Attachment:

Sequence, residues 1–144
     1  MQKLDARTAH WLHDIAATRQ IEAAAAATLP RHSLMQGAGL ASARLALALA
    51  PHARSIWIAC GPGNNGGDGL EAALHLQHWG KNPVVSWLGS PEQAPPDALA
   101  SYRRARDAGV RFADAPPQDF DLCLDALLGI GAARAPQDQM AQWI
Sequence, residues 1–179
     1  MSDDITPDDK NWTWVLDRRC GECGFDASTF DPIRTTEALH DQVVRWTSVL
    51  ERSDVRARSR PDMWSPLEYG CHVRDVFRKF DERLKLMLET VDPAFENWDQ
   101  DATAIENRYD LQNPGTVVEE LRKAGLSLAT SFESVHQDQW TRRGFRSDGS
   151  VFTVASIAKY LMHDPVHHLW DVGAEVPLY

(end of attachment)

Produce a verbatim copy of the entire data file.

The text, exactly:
Sequence, residues 1–144
     1  MQKLDARTAH WLHDIAATRQ IEAAAAATLP RHSLMQGAGL ASARLALALA
    51  PHARSIWIAC GPGNNGGDGL EAALHLQHWG KNPVVSWLGS PEQAPPDALA
   101  SYRRARDAGV RFADAPPQDF DLCLDALLGI GAARAPQDQM AQWI
Sequence, residues 1–179
     1  MSDDITPDDK NWTWVLDRRC GECGFDASTF DPIRTTEALH DQVVRWTSVL
    51  ERSDVRARSR PDMWSPLEYG CHVRDVFRKF DERLKLMLET VDPAFENWDQ
   101  DATAIENRYD LQNPGTVVEE LRKAGLSLAT SFESVHQDQW TRRGFRSDGS
   151  VFTVASIAKY LMHDPVHHLW DVGAEVPLY